I have been deer hunting for more than 70 years and I’ve got to say that one November, I had the pleasure of experiencing one of the most exciting hunts of my life. It was Nov. 4, and we were hunting out of my son’s camp in Embden, Maine. My two sons and I arrived at camp on Thursday evening and were in our stands before daylight the next morning. At about 8 a.m. I had a massive buck walk by my stand, but was unable to get a clear shot at him.
That afternoon, my grandson’s girlfriend, Ashley, arrived at camp and was very anxious to go deer hunting. She stayed out until quitting time and had a doe come by, but with a buck-only permit, she had to pass on the deer. That evening, my grandson, Evan, who was working in northern Maine, called Ashley, and said he was going to be passing close by with a piece of heavy equipment. He wanted Ashley to meet him and travel home with him to drop off the equipment, which she did. They didn’t arrive back at the camp until 1 o’clock the next morning.
Although she was running on little sleep, Ashley was the first one up in the morning, making her the first one out the door to her stand. My two sons and I were all sitting in different locations, and at about 8 o’clock that morning I heard a single shot come from the direction that Ashley was sitting. Within the next 10 minutes, I heard four shots come from the direction that one of my sons was sitting. I got a text from my son saying he had shot a nice 8-point buck and that he had talked to Ashley who had shot at a buck, but was unsure if she hit it.
My two sons and I dragged the 8-pointer back to camp. In the meantime, Ashley had gone back to camp to get Evan to help her look for the deer she thought she had shot. They soon discovered that she had hit the deer and began following a scant blood trail. We caught up with them, and assisted with the tracking for another hour. We realized that we were getting near a main road and didn’t want to push the deer across the road if the buck was still alive. We sat Ashley and Evan down, and my son and I circled down toward the road and headed back toward them.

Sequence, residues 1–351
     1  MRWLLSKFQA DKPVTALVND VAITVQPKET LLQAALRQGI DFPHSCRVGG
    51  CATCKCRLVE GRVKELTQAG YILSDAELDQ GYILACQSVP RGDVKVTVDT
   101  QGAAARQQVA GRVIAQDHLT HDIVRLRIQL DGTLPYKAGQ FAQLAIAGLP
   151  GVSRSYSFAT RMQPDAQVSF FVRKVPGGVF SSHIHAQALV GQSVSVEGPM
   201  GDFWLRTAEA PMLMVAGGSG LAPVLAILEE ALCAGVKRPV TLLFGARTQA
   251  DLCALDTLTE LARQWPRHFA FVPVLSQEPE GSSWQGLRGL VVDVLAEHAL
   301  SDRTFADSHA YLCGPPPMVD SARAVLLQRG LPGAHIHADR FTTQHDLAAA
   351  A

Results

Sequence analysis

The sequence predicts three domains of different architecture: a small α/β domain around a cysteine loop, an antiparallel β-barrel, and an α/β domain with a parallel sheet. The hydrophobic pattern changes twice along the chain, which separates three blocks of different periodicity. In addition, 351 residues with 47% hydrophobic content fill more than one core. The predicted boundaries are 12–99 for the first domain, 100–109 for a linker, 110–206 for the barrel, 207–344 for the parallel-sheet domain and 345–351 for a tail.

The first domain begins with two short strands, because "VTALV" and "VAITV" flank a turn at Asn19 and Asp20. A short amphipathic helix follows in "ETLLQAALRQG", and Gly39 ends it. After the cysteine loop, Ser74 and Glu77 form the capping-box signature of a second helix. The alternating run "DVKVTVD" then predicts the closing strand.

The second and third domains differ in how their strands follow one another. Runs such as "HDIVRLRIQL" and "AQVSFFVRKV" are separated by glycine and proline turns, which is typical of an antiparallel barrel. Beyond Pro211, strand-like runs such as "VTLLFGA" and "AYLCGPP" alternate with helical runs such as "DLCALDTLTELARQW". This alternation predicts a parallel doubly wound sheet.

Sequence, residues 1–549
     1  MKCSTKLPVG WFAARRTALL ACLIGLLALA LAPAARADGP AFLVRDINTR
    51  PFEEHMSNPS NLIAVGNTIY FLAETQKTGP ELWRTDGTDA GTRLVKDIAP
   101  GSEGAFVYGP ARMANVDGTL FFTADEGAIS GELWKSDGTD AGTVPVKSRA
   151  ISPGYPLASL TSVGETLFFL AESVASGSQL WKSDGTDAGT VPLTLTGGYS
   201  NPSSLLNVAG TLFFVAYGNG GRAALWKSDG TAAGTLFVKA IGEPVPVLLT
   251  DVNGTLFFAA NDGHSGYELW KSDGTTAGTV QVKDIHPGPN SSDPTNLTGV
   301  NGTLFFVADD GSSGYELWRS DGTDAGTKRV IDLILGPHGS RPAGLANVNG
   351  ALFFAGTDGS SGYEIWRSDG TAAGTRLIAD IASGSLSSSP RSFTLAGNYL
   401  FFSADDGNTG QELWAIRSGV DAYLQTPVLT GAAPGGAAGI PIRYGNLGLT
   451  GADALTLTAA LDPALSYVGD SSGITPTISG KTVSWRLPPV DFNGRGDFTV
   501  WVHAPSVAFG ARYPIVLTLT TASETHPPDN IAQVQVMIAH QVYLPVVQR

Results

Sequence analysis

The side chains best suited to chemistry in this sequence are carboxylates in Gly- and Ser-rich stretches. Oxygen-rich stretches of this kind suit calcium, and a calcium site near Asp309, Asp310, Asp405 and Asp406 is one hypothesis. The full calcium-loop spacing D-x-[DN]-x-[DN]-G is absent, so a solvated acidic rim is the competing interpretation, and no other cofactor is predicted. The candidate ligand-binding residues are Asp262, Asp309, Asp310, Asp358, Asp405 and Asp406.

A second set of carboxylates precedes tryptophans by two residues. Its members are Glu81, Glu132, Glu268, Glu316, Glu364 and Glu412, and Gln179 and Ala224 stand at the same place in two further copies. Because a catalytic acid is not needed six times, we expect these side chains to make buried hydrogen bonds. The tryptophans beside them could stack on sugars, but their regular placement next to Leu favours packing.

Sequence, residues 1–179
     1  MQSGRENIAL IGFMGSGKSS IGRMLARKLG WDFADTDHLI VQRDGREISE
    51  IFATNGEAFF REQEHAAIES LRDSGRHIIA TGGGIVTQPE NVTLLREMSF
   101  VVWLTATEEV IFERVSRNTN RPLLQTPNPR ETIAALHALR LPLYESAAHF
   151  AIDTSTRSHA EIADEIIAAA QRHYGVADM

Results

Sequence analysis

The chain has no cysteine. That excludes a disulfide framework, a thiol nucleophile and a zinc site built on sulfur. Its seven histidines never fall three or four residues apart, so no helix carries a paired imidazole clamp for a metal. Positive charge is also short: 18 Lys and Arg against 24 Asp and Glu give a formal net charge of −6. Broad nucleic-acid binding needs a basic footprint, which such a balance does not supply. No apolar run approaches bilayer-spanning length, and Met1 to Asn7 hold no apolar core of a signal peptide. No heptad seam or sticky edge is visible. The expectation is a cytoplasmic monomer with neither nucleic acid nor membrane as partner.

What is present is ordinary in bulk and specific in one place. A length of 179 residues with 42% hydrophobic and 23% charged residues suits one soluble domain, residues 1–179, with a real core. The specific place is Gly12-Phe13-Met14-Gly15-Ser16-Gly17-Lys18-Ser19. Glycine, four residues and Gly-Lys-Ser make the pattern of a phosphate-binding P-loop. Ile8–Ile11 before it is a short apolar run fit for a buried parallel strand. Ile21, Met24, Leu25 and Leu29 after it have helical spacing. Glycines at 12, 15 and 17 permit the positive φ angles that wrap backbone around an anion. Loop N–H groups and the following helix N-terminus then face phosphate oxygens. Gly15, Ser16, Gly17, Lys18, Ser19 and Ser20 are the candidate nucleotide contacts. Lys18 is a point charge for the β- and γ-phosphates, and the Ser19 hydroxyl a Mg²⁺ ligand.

We hadn’t gone 100 yards when my son called me over, and there was Ashley’s deer, a nice 6-point buck! I went to get Ashley and told her we had found some new sign and wanted her to come help us. When she got to where the deer was and saw her buck, she was beyond thrilled. I have never seen anyone get that excited about finding a deer. She has been deer hunting since she was a teenager, and this was the first deer she had ever shot. I asked her if it was going to bother her to watch us field-dress the deer, to which she replied, “No, I got on YouTube and learned how to dress one earlier.” The excitement of that first kill still shows on her face to this day whenever someone talks to her about her hunt.
Hearing her tell her version of her hunt is even more heart-pounding. She was sitting in her stand when a big buck came across the opening. She was ready to shoot him but he disappeared behind a ravine out of sight. When he came out of the ravine, he was almost into the woods and she was unable to get a shot at him. Trying to shake off the buck fever that had taken over, she took out her phone and pulled up a deer app that had deer calls on it and tried to call the buck back out. Another buck popped his head up and came running toward her and stopped. He was 130 yards away and Ashley ended her hunt with a single, fabulous shot from her .243 Winchester.
I couldn’t be more proud that I was there to witness her first deer kill. Ashley got her bowhunting safety certification this year and is looking forward to hunting with a bow. She has a lifetime hunting license, and with her enthusiasm for hunting she will be a wonderful role model for other women interested in the sport.
Do you have an exciting, unusual or humorous hunting experience to share? Send your story (800 words or less) to email@example.com or to American Hunter, Dept. MH, 11250 Waples Mill Road, Fairfax, VA. 22030-9400. Please include your NRA ID number. Good quality photos are welcome. Make sure you have permission to use the material. Authors will not be paid, and manuscripts and photos will not be returned. All material becomes the property of NRA.